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Leadership in Marketing

Release Date

10 December 2013

I’m sure you’ve been there.  Bored to tears by someone who only talks about themselves, never pauses for breath or asks a question, and doesn’t pay attention to the clear signals to ‘please stop!’

For many years, this was the world of marketing – taking the lead and controlling the communication to target audiences.  How things have changed! 

Social media has given over much of the lead on communications to the customer, converting the role of marketing into prompting and participating in a conversation.  Holding a two way conversation allows you to interact and engage with consumers in a direct and responsive way, forging stronger relationships and also eliciting valuable insights into your market.
Just like the scenario above, social media conversations are like ‘real life’ conversations – similar rules apply to ensuring your audience isn’t dying to escape.

Here are five tips on holding a conversation with your customers, in the new age of social media:

1. It’s not about you, it’s about them.

You shouldn’t be constantly talking about your company and products. Not only is that boring, you’re not interacting with others if you focus only on yourself.
When you’re posting on social media, think of the 70-20-10 rule:
• 70% of your posts should be adding value through information or entertainment.
• 20% of your posts should be sharing other people’s ideas or Facebook posts. Consider commenting on other’s posts to add additional value or build additional credibility
• 10% of your posts should be promotional - endorsing products or announcing upcoming events.

2. Participate – don’t eavesdrop.

A conversation is not about sitting silently on the outskirts; you need to get involved with comments and starting conversations.
Consider sharing a report you have developed with a relevant community group, or asking an open question about a business problem. Invite customers to join the conversation within your own social media pages, through your emails, events, invoices and other ‘offline’ communications. 

By adding interesting content exclusively to your social media pages, like weekly offers or video, you can quickly generate interest.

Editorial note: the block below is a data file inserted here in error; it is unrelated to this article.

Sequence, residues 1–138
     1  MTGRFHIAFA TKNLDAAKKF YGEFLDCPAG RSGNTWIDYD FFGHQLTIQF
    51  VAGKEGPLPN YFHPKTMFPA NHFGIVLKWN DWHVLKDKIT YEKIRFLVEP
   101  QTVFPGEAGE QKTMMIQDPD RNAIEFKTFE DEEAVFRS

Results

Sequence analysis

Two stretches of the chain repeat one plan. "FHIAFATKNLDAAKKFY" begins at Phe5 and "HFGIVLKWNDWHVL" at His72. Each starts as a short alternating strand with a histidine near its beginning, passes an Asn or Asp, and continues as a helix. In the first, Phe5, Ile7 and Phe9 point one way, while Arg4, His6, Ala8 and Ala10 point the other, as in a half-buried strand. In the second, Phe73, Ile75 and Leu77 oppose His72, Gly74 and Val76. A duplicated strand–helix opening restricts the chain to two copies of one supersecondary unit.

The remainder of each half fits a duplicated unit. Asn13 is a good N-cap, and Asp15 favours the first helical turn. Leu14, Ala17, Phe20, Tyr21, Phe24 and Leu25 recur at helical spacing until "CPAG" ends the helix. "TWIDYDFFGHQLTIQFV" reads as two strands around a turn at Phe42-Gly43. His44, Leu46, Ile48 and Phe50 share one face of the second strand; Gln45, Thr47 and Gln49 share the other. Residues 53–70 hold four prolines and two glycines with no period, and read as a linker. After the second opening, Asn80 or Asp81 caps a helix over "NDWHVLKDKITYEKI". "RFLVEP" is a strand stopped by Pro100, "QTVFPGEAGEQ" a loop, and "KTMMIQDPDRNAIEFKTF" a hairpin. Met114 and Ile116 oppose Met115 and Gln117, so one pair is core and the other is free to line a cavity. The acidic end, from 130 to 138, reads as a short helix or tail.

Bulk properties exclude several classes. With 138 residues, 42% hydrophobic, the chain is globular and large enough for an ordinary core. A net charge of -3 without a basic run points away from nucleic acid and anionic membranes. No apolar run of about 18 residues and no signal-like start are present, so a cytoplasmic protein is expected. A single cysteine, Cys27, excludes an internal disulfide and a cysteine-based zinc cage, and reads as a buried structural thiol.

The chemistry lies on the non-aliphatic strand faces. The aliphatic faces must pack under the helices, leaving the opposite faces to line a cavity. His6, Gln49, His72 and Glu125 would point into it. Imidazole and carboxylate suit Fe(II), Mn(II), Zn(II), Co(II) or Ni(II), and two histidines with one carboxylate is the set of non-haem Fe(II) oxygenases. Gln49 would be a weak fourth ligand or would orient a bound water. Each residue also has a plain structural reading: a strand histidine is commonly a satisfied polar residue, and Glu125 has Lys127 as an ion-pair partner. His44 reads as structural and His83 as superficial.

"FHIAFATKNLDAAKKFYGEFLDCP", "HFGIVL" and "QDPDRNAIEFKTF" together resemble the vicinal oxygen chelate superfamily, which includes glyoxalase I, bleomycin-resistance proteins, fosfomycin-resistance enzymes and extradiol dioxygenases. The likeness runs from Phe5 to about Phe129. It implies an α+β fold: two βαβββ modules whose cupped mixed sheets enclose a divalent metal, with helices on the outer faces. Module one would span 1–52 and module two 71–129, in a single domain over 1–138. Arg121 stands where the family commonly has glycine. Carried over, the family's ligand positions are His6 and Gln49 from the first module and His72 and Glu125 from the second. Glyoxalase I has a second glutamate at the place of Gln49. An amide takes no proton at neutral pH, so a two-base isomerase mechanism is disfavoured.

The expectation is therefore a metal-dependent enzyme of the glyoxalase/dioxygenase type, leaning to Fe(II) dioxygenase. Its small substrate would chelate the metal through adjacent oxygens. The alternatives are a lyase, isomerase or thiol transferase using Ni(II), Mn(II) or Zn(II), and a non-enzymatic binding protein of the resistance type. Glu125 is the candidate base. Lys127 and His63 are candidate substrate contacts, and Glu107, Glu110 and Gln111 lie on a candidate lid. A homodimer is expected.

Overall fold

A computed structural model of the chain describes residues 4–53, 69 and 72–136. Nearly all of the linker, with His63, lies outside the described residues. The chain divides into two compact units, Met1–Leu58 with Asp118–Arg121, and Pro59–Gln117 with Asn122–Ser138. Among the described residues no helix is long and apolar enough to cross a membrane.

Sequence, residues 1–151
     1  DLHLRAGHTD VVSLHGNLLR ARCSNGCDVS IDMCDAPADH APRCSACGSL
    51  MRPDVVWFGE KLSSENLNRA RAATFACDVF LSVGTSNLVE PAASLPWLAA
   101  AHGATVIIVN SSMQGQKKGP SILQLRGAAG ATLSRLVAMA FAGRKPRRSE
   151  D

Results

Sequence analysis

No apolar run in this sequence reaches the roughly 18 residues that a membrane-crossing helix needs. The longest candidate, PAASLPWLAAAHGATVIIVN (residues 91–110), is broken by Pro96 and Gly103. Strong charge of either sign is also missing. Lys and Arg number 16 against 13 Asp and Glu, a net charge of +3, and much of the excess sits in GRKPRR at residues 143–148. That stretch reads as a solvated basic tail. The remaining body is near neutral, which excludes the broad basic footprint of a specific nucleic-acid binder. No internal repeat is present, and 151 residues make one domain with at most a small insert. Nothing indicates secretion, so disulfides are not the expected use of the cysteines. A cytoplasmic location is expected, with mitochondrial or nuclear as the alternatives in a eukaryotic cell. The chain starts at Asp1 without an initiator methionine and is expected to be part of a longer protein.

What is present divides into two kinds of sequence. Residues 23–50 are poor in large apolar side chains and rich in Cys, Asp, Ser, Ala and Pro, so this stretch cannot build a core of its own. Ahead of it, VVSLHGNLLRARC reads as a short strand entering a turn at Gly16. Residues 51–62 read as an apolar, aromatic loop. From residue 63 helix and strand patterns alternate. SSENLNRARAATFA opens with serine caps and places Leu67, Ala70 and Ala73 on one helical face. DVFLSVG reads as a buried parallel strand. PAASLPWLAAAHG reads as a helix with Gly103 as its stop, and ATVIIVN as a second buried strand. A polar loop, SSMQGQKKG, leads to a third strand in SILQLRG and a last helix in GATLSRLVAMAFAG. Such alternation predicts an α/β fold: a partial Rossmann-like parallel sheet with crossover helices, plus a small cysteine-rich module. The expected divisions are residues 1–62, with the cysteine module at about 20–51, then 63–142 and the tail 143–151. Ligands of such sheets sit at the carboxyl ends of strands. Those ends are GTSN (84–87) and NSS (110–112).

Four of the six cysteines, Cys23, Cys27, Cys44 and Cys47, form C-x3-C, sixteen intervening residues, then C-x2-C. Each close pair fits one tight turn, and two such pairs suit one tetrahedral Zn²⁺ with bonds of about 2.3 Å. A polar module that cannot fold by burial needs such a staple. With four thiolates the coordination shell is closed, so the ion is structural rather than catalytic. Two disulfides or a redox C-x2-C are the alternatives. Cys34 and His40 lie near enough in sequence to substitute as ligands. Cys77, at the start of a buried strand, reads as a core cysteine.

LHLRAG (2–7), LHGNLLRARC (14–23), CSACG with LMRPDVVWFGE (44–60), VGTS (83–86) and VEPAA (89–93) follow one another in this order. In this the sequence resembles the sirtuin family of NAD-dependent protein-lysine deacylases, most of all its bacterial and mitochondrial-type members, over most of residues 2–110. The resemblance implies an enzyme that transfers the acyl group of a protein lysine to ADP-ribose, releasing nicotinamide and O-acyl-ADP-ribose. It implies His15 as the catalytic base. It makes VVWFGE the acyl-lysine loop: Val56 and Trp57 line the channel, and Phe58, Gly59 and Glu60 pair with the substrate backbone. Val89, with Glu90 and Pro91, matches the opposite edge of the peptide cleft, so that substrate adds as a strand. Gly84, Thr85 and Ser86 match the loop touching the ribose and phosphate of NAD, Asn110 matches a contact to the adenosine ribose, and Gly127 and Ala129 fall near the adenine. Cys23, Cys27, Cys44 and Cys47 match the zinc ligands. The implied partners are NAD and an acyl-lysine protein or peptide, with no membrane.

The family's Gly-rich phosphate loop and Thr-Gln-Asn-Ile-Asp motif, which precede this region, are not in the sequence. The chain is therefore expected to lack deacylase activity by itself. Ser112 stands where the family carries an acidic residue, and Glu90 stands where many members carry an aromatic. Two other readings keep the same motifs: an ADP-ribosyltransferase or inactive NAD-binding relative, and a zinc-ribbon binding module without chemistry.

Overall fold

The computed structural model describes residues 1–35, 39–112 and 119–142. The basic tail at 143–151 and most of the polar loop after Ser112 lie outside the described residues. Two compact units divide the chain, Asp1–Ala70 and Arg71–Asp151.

3. Openly address the negative.

Not all of the conversations may be positive, and there are inherent opportunities to engaging in conversations which focus on the negative.
By responding promptly to complaints online, you can develop a lasting relationship with your consumers.  Furthermore, you can build kudos with other community members by showing that you are listening and care about your customers.

4. Be human, make it personal.

No one holds a lasting conversation with a robot. Personalisation is critical when it comes to your communications, so it’s essential to be yourself. Social media makes it easy to bring your company culture to life through posts, photos and designs. 
However you should still establish guidelines for your team, to ensure that conversations are maintained within the boundaries of professionalism and reflective of your brand values.

5. Entertain me.

Ever been stuck in a heavy conversation with no light relief?  Interjecting some entertainment into your content will break up the serious content and catch community attention. 
As the forward thinking sociologist Marshal McLuhan said, on the advent of the television, “Anyone who tried to make a distinction between education and entertainment doesn’t know a thing about either”. 
In the world of the social media, that comment has never been more relevant.

Need help with social media?  For FREE coaching and training in digital marketing in the greater Sydney area, go to www.depgreatersydney.com.au.

Kathryn Rae
Senior Manager, Consulting & Solutions

About the Author



Kathryn Rae

Combining big picture focus with an eye for the small details, Kathryn is an expert at integrated marketing strategy and drawing together multiple campaign executions.

Kathryn is passionate about delivering real results from marketing, and enjoys working with all sizes of businesses – particularly learning about their industries and their new, innovative products. Her broad marketing and events experience covers sixteen years within a range of industries including medical, scientific, media, IT and administrative services.

Kathryn has worked with a range of government clients, including AusIndustry, AusTrade, Workcover and Department of Industrial Relations.

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